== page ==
The Two Families of Global Reserve Proposals & Swap Lines

Before continuing with posts on this topic I want to note: I started these posts with a twitter comment by Nathan Tankus on replacing the dollar in international trade. That thread continues – that he foresees “a world of swap lines as alliance politics... Swap lines may seem like technocratic high politics now but it's … Continue reading The Two Families of Global Reserve Proposals & Swap Lines

Types & Motivations for Supranational Currencies

It is important to note that the proposals for a supranational currency have been made with various, disparate goals. Some are primarily interested in some aspect of commodities, others primarily or completely the supranational-currency aspect. These can overlap in several ways. The primary possibilities:

The Most Fatal Ailment

These issues are yet again the problem of our age. Their seeming trajectory towards resolution post WWII, with widespread prosperity and a rising middle class, has been undone. What undid them points to the underlying problem: Immediate causes include the spectacular increase in financialization and unearned rents, the lack of and lack of enforcement of progressive taxes, both in turn largely due to a shift in the public's understanding of these issues. What caused this shift in public understanding is the age old problem—power and the lack thereof.

The Souls of the People

This sixteen-part series, The Souls of the People, will explore these issues and the ideas and economics behind them. The values, origins, economics and philosophy behind the call to "cut government in half in twenty-five years, to get it down to the size where we can drown it in the bathtub" (Norquist). The creation of think tanks specifically to provide a pseudo-intellectual foundation for inequality, and that along with media convince the middle class to vote against their own interests. The rise, reasons for, and effect of beliefs that markets without law allow for full employment and that wage laws cause unemployment. That competition alone can bring about good working conditions. The rejection of progressive taxes, and of the right to avail ourselves of the power and resources of the country through organizing public goods. And most importantly, how all of these are maintained by laws that impoverish the powerless and enrich the powerful, and thus are self-perpetuating.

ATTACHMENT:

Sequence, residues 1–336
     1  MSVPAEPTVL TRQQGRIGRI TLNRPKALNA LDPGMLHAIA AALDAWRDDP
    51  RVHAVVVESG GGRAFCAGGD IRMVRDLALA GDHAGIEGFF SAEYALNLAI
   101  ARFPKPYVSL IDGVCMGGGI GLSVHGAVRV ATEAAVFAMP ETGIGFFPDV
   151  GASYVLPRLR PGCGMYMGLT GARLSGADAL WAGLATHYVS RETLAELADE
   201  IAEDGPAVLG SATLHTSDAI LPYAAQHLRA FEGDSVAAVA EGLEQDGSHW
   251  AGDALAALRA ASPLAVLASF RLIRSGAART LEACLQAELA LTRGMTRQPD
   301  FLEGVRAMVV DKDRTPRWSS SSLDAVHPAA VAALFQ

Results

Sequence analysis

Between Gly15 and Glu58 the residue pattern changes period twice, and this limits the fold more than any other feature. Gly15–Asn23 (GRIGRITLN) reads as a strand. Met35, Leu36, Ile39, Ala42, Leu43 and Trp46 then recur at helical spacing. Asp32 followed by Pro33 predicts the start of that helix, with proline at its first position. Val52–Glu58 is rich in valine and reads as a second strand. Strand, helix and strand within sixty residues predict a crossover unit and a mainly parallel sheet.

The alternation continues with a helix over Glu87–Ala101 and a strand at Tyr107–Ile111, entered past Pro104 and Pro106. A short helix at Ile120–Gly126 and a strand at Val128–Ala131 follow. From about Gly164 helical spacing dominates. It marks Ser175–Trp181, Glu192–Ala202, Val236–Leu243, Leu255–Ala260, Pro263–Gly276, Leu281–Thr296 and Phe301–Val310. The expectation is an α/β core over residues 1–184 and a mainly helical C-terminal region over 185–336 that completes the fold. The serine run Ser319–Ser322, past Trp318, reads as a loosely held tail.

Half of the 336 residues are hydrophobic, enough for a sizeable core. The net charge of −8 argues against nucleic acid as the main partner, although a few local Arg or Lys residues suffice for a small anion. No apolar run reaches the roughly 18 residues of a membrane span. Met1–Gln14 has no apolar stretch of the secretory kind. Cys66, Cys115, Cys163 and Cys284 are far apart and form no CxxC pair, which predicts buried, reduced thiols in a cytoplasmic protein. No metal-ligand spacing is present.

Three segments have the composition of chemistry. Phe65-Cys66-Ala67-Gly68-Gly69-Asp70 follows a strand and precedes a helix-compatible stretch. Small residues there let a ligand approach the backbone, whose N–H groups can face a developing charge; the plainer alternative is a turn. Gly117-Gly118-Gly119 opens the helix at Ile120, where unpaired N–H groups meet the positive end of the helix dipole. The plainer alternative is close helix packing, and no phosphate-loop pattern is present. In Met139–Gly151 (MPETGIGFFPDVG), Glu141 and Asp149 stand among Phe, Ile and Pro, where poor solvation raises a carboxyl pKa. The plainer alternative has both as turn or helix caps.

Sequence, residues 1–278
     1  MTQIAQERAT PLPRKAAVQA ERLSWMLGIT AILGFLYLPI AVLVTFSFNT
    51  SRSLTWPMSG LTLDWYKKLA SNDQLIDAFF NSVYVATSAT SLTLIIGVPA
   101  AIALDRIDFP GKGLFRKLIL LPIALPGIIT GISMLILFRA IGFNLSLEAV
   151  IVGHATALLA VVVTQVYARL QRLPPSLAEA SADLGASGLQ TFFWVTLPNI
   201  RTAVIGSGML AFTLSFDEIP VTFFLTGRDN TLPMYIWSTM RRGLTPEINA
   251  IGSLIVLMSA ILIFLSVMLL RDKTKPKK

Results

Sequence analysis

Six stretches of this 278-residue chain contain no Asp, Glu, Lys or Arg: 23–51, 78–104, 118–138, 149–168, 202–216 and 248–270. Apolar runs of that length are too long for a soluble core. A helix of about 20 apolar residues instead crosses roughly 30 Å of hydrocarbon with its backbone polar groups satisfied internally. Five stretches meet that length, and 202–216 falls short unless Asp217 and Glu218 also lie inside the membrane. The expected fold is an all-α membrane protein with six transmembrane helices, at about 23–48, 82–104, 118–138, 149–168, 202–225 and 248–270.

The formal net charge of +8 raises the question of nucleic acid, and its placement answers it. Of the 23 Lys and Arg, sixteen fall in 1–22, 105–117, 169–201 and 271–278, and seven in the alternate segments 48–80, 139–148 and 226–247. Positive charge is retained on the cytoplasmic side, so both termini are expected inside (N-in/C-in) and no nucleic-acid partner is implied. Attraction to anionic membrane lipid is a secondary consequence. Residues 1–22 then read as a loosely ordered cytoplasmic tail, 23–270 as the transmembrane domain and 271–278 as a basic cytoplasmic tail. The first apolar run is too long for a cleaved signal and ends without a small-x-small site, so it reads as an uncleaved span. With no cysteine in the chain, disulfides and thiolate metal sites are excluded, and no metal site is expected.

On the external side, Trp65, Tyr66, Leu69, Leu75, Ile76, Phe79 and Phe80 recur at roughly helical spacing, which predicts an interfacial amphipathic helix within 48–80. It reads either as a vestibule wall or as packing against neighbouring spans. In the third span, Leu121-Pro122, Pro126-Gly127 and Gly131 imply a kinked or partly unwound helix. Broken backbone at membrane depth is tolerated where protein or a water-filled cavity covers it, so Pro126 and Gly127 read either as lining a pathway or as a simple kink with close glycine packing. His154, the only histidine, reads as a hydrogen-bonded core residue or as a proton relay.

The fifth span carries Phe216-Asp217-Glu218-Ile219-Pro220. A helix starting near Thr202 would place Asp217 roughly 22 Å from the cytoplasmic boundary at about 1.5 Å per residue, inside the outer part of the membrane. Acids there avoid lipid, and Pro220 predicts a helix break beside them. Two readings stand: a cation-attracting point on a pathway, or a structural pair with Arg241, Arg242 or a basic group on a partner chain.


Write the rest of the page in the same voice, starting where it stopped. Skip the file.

Good “Mainstream” Econ Podcasts still get basics wrong, frustrating

There are some great mainstream economic podcasts that I enjoy, such as Odd Lots and NPR's Planet Money. They cover interesting topics and are very well done production-wise. However, several times I have wanted to rant about basic mistakes but never bothered. But just listened to this otherwise interesting Planet Money podcast - February 24, … Continue reading Good “Mainstream” Econ Podcasts still get basics wrong, frustrating

Democracy & Profligacy: Will MMT Destroy the World? Part III

Part I, Part II Part III continues with Edmond’s first three examples: New Zealand throughout the 1980sFrance in the early 1980sIsrael mid 1980s hyperinflation France For starters, as in the cases in Part II, we see the twin oil supply inflationary events of the 70s/early 80s. In France, there is a steady and sharp decline … Continue reading Democracy & Profligacy: Will MMT Destroy the World? Part III

Democracy & Profligacy: Will MMT Destroy the World? Part II

[Continued from Part I]In Part One I ask:Name examples where peacetime, politically stable countries (with no foreign-currency denominated debt) have ever spent themselves into inflation? I received a first potential case, the so-called "Barber Boom" in the UK in the early 1970s (which of course segued into the global inflationary spikes of the the two … Continue reading Democracy & Profligacy: Will MMT Destroy the World? Part II